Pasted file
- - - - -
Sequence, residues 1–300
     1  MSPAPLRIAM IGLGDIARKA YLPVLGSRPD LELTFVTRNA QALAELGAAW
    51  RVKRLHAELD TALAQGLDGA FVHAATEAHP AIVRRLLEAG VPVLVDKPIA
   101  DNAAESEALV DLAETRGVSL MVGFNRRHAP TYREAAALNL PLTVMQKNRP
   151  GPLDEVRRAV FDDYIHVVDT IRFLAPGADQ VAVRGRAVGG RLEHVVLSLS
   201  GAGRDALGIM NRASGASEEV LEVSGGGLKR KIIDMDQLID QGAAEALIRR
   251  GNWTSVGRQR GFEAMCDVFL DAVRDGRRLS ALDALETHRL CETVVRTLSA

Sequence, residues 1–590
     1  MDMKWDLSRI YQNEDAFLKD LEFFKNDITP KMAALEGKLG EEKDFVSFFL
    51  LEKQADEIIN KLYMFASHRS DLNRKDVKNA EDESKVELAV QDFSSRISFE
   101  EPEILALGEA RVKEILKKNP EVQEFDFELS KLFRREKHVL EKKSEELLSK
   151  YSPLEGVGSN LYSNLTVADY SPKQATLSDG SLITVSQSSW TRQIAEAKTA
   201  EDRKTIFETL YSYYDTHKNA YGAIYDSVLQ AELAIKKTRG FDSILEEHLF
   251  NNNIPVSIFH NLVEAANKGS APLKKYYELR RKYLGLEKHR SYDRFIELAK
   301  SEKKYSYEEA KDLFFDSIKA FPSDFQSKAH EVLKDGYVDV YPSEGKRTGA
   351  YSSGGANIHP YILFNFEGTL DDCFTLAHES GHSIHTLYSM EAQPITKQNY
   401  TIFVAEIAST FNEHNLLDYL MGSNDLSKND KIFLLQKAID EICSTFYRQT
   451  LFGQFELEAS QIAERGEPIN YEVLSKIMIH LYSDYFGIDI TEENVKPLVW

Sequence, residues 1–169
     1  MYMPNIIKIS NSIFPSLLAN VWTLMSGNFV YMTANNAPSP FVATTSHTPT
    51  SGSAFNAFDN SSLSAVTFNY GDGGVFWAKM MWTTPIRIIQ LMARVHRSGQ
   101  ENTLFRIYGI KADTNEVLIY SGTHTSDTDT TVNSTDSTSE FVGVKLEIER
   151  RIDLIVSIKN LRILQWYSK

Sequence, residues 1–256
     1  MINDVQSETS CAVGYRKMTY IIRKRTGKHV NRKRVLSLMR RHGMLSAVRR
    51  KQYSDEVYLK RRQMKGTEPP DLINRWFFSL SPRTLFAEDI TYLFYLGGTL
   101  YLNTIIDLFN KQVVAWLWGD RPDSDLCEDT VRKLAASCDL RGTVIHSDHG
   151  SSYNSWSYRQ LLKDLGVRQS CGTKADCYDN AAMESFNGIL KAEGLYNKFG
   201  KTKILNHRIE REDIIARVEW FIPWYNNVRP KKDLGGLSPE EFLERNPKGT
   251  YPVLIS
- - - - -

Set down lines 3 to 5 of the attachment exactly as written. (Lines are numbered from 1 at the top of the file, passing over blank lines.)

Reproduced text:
    51  RVKRLHAELD TALAQGLDGA FVHAATEAHP AIVRRLLEAG VPVLVDKPIA
   101  DNAAESEALV DLAETRGVSL MVGFNRRHAP TYREAAALNL PLTVMQKNRP
   151  GPLDEVRRAV FDDYIHVVDT IRFLAPGADQ VAVRGRAVGG RLEHVVLSLS